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Thread: How many hours does my grow light need to be on if providing 250-300 PAR?

  1. #9

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    Yes if the plants were dormant and are just waking up you should be okay. Newly shipped and planted sundews often stop producing dew on existing leaves and will need to grow some new ones, but it shouldn’t take long!


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    Quote Originally Posted by TheGuru View Post
    After a lot of initial research I went with the Finnex 247 Planted+ SE

    I recommend you copy and paste that into Amazon or Google, because the "+" and the SE are important. It has true 660nm red LED's as well as the more common 460nm ranges, which plants need both. Also, After over 2 years of continuous running this thing hasn't lost a single light in the array. Lastly, it is sleek and thin and adjusts in length. Mine is over a 55 gallon aquarium but they do have the same model in different lengths.
    Good luck!
    This was very helpful. Using your model number, the standard size of a 55 gallon aquarium, and some Googling I was able to figure out a likely PAR value for comparison to my light. Thanks so much!



    That light is plenty powerful for what you are growing I would do at least 10 hours on though. Flytraps and sarrs love lots of light the Capensis will too but it will stunt its growth if you give it too much bright led (from plenty-o exp. growing under led) as for dormancy your flytraps will be just fine. Dormancy is a survival adaptation due to lack of light and bugs in cooler months. With that being said, your flytrap naturally experiences dormancy so ultimately for the most robust plant and longevity purposes dormancy even a short term what I call light dormancy is ideal. Skipping it once However will not kill the plant.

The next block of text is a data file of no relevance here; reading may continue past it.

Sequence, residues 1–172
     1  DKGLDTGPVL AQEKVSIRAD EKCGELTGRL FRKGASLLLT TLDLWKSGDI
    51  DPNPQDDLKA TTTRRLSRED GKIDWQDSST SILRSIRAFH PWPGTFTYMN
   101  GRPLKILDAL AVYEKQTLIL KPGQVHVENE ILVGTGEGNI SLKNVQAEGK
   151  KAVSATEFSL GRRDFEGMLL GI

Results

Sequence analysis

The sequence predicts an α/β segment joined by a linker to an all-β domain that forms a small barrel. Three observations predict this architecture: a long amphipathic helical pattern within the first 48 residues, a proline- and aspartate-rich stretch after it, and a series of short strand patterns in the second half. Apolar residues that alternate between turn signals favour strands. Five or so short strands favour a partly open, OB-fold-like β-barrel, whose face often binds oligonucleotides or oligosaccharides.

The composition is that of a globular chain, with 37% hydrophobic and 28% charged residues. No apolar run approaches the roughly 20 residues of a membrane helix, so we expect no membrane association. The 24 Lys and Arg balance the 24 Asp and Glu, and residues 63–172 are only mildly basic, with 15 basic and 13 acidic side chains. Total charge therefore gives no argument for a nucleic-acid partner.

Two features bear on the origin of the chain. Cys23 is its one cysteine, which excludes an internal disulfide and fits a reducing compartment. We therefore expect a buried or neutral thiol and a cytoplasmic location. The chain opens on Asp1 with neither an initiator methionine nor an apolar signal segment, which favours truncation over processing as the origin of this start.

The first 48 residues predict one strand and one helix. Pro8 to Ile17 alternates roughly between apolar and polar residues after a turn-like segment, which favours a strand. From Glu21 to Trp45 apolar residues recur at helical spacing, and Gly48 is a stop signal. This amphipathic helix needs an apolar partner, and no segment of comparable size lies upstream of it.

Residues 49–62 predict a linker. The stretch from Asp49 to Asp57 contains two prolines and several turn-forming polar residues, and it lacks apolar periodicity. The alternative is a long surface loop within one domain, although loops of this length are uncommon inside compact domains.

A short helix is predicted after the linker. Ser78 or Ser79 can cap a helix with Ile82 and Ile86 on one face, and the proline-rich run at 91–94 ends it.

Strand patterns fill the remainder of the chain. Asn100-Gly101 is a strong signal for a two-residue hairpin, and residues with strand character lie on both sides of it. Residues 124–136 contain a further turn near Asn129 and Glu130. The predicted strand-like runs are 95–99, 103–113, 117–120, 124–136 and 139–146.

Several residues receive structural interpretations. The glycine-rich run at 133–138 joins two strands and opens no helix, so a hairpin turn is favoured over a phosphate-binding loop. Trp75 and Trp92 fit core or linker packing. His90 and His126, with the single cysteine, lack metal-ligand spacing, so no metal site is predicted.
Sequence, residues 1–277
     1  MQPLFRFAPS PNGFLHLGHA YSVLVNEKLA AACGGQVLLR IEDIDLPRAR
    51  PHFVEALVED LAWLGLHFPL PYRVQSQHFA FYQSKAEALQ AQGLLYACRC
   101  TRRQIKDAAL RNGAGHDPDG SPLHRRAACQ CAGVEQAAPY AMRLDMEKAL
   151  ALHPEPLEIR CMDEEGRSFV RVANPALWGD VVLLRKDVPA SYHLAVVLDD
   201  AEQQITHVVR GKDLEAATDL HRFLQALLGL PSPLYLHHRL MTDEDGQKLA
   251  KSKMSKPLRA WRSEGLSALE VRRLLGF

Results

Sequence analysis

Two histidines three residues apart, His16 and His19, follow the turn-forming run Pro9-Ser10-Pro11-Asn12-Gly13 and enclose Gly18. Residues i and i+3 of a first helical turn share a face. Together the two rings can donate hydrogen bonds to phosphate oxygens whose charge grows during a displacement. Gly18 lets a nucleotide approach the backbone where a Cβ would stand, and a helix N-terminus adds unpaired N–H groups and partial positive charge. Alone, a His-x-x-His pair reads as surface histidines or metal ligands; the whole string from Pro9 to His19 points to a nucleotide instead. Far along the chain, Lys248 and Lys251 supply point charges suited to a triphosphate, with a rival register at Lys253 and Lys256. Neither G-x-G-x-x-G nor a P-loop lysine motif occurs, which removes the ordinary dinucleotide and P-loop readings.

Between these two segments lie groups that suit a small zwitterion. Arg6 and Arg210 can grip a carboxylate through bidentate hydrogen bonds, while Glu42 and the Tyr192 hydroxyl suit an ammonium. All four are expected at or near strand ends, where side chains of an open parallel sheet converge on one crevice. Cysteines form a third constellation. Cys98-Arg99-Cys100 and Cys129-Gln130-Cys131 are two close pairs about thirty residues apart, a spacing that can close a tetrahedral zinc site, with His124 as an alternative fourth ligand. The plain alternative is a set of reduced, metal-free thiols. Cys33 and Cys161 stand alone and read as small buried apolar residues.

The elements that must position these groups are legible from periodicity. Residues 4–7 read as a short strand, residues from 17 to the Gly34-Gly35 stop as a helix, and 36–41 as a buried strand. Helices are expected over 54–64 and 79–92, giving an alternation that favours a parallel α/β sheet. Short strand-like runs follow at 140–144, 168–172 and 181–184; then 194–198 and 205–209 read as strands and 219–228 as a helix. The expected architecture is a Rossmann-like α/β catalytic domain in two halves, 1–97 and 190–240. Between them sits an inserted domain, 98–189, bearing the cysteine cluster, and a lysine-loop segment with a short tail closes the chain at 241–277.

What concerns me the most is that top hiding the light, those led units move lots of air and it may overheat it it isn’t getting enough air flow.
    Thanks. I'll keep an eye on the Capensis and adjust if necessary.

    I had some concerns about the heat too, so I kept a close eye on it. The top is mostly open with just some decorative metal, and the light has a really awesome fan on it. Temperatures on the top, side, and bottom of the unit never feel more than 80F or so, and it has the advantage of heating up the terrarium by a few degrees while it's on (never beyond 80F), which simulates outdoor daytime temperature deltas.



    Yes if the plants were dormant and are just waking up you should be okay. Newly shipped and planted sundews often stop producing dew on existing leaves and will need to grow some new ones, but it shouldn’t take long!
    I wondered if that was the case. I have a new leaf that was just starting to grow when I transplanted. It's just starting to open up now. Hopefully I'll see some dew this weekend.

    If I don't, should I be concerned?

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    I would just use a natural photoperiod, whatever that happens to be for the plants you're growing. I should note that 300 PPFD is likely more than most CPs will be able to utilize when grown indoors, based on research I've read on photosynthetic capacity in CPs.

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    Quote Originally Posted by nimbulan View Post
    I would just use a natural photoperiod, whatever that happens to be for the plants you're growing. I should note that 300 PPFD is likely more than most CPs will be able to utilize when grown indoors, based on research I've read on photosynthetic capacity in CPs.
    Do you happen to have a link to that research? I'd love to read a little more.